How quickly did they notice she was a girl? Did her father reject her immediately? Did he too want her, but then realized he couldn’t keep her? Did her grandparents immediately walk away realizing that Eva was not and could never be the child they had hoped for? That Eva would not carry on the family name?

I believer her mom wanted her, but could not keep her.

I believe her mother loved her as all mother’s do. Bone of her bone and flesh of her flesh. No matter her gender, Eva was her baby. Eva was her baby girl.

The pain of the birth was quickly masked by the new pain of the realization of the day that would soon come. The day of leaving her.

Our daughter was left at the north gate of the second public hospital in Shenyang, China. Abandoned by her parents.

I can picture her mom, maybe a week or so after her birth, making the long walk to the place she hoped her daughter would be found. The streets were dark, filled with stray cats and garbage. She took alleys and hid behind dumpsters, hoping that nobody would notice the small bundle wrapped tightly under her jacket.

And then she placed her gently and perfectly in the spot where she hoped that she would be found. Hoping that she would be discovered in time. Hoping that she lived. Hoping that someday she would have a family.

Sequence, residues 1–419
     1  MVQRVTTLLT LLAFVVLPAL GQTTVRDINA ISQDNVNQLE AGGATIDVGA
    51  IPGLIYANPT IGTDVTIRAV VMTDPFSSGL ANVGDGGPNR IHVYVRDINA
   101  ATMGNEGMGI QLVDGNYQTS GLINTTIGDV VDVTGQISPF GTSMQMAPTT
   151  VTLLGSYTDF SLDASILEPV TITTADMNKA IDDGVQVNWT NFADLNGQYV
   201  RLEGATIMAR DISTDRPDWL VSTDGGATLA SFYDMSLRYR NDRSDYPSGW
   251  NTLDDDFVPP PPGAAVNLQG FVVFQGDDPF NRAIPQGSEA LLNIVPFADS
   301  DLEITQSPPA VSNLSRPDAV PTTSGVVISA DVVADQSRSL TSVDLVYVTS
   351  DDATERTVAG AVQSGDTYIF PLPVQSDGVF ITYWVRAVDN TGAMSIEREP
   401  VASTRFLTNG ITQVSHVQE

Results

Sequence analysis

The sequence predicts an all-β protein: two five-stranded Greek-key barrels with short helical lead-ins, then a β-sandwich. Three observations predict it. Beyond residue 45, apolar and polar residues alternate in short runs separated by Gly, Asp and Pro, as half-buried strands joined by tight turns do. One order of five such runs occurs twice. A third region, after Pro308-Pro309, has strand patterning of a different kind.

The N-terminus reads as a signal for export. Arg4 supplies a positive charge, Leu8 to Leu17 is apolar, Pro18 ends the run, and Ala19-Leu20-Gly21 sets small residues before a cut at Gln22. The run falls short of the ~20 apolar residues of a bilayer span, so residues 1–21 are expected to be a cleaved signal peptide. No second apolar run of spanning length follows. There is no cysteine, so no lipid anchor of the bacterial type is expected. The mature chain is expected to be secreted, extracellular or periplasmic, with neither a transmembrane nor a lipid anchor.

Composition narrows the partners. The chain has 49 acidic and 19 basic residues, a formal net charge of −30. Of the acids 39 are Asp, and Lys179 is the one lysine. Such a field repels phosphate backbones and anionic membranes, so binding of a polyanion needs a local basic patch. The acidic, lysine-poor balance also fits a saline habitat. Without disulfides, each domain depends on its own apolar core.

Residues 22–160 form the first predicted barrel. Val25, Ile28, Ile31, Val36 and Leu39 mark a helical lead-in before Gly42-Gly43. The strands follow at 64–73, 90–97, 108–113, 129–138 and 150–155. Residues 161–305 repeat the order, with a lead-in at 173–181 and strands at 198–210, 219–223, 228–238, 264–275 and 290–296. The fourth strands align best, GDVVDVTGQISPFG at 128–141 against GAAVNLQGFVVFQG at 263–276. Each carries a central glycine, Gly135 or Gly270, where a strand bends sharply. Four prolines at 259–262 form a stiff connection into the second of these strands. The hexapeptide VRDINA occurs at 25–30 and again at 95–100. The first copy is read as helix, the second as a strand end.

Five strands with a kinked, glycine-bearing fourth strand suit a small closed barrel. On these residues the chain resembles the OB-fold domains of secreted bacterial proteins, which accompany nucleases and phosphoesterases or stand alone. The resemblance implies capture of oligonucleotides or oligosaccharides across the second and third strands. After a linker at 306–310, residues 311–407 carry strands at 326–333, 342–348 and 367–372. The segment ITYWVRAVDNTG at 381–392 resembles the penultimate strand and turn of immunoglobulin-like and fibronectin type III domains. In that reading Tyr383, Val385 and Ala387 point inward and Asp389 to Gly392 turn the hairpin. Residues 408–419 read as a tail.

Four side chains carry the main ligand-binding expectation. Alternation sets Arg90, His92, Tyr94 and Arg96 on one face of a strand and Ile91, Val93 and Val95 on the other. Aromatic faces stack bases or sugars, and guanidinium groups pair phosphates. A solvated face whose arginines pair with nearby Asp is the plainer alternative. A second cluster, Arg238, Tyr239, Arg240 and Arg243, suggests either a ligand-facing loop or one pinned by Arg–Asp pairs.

I imagine that moment when she set her down and stroked her cheek. When Eva cried, but the soothing words from her birth mom would stop. The moment when they would share un-wiped tears. The last moment they would ever share.

I imagine her mother turning around and walking away. I am certain that her daughter wasn’t the only thing she left in that box that night. I know she left a part of herself.

I now understand that abandoning her daughter was a loving act of sacrifice.

Eva was found by a janitor. A man who no doubt when to work that day expecting the routine of sweeping floors and cleaning toilets only to discover the unexpected. A little baby girl in a box. And then again, maybe finding abandoned babies isn’t so unexpected in public hospital in China.

The man notified authorities. Children’s services took her and placed her in an orphanage. Efforts were made to find her parents, but like countless other orphans, the notices in the paper went unnoticed.

Eva entered a system and began a journey that would bring her into our arms one year ago. A journey that would lack any semblance of permanence or predictably for another four years.

Eva has asked me about her birth mom.

Why did my birth mom leave me at the hospital she asks. I don’t know I respond. I didn’t want her to leave me. I didn’t want her to leave you either.  Why did it take so long for you to come and get me daddy? I didn’t know you were there. If I had known I would have come right away. I am sad that my birth mom left me. I am sad too.

I tell her and hold her and rock her.

I love you too. I will try to love you as much as your birth mom loves you.

About Jeremy Statton

Jeremy is a writer and an orthopedic surgeon. When not ridding the world of pain, he helps you live a better story. Follow him on Twitter or Facebook or Google +.